I lost it somewhere between leaving work and getting home from the dentist's office. I had to have a procedure that required me to be put under local anesthesia. When I left the dentist I was still out of it, and according to my family, quite entertaining. I'm still hearing stories about the things I did. Apparently, I wandered through the house in my undies and asked the same questions over and over again. When someone would try and help me back to my bedroom, I would beat them off like a mugger! At least that's what they told me. I'm not even sure they're telling the truth because I remember NOTHING!

Okay, back to my flash drive. I have no idea where it is or what happened to it. I've looked everywhere including the freezer and the trash dumpster. But in my heart, I know it's gone. Someone probably found it laying on the ground or in the parking lot and pocketed my nice 2 gig flash drive. Oh, well! Crap happens. But, It does seem like it happens to me more than other people. The one good thing that's come out of this is that the outline I'm in the process of redoing is much better than the one I lost ; ).

Hopefully, I will be back to blogging next week. Or maybe not. I have to have another dental procedure on Monday and get to do the anesthesia thing all over again. YEAH!


Monday, August 20, 2007

Book reviews and Jon Bon Jovi

On Fire, my second romantic suspense, arrives in book stores in two weeks and one day. Not that I’m counting or anything. But the exact date is Sept. 4, 2007, if you’d care to put that on your calendar. :)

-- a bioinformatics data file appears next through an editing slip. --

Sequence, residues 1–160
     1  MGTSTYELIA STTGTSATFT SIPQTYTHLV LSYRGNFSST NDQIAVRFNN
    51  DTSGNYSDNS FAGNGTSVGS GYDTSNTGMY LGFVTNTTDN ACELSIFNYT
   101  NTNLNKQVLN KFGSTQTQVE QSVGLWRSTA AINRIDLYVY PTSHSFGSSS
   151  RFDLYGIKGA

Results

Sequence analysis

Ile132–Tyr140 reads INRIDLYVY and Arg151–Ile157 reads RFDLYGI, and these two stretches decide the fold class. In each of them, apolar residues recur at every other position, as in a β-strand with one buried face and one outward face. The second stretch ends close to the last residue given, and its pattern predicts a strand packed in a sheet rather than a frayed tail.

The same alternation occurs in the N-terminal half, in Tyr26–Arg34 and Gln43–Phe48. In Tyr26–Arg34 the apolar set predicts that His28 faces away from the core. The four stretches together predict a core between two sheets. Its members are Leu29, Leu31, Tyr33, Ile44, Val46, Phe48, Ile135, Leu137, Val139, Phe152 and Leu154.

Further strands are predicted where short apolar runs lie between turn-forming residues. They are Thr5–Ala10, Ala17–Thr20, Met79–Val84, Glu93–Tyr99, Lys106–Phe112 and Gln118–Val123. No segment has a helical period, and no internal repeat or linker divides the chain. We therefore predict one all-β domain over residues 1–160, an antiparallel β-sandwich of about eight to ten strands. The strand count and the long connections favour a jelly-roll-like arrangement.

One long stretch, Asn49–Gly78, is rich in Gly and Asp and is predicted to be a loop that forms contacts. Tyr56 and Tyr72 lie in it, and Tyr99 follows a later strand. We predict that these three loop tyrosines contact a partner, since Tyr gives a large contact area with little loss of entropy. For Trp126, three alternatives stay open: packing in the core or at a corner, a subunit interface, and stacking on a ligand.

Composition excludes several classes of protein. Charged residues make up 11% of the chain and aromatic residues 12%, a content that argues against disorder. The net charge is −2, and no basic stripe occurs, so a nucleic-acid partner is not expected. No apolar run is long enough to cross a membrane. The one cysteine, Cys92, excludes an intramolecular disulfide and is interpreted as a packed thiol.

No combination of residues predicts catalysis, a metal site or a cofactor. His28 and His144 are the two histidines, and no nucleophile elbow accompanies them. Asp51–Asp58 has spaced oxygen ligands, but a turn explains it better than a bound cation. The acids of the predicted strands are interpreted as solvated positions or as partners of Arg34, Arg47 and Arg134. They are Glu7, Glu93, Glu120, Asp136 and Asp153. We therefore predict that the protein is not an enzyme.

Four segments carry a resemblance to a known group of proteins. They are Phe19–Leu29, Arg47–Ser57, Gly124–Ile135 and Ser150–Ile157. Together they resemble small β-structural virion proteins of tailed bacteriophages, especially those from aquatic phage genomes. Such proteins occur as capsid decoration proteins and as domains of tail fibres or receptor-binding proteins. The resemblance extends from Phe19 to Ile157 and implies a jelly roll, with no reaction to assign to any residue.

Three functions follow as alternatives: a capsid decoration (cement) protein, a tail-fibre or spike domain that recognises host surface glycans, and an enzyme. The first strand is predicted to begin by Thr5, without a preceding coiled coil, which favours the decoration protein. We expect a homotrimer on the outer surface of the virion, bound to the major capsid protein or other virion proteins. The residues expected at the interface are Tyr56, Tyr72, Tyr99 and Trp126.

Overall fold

On Fire takes place in Charleston, West Virginia. The hero is a fire investigator. The heroine is a newspaper reporter. The two begin as adversaries but become allies when they realize the string of arsons they’re investigating is related to a series of murders.

I’ve already received two advance reviews, and I’m so relieved that they were strong, positive reviews. ChickLitGurrls (Shon Bacon) gave it a 4.5 out of 5 and called it a “suspenseful thriller.” Romantic Times Book Reviews (which reviews all genres of fiction; don’t let the magazine name mislead you) gave it a 4.5-star, fantastic, keeper review. The reviewer wrote, “Sargeant's scrupulous research coupled with terrific writing makes this a sensational and engrossing story.”

You're probably wondering what this has to do with Jon Bon Jovi.

I love watching biographies of successful people. What makes them successful? How do they keep moving forward? A couple of weekends ago, the Biography channel did a documentary on Jon Bon Jovi. At one point during the interview he talked about being nervous when it came time to produce his second album. And I quote, "You have your whole life to write your first album and this tiny window of time to write the second one."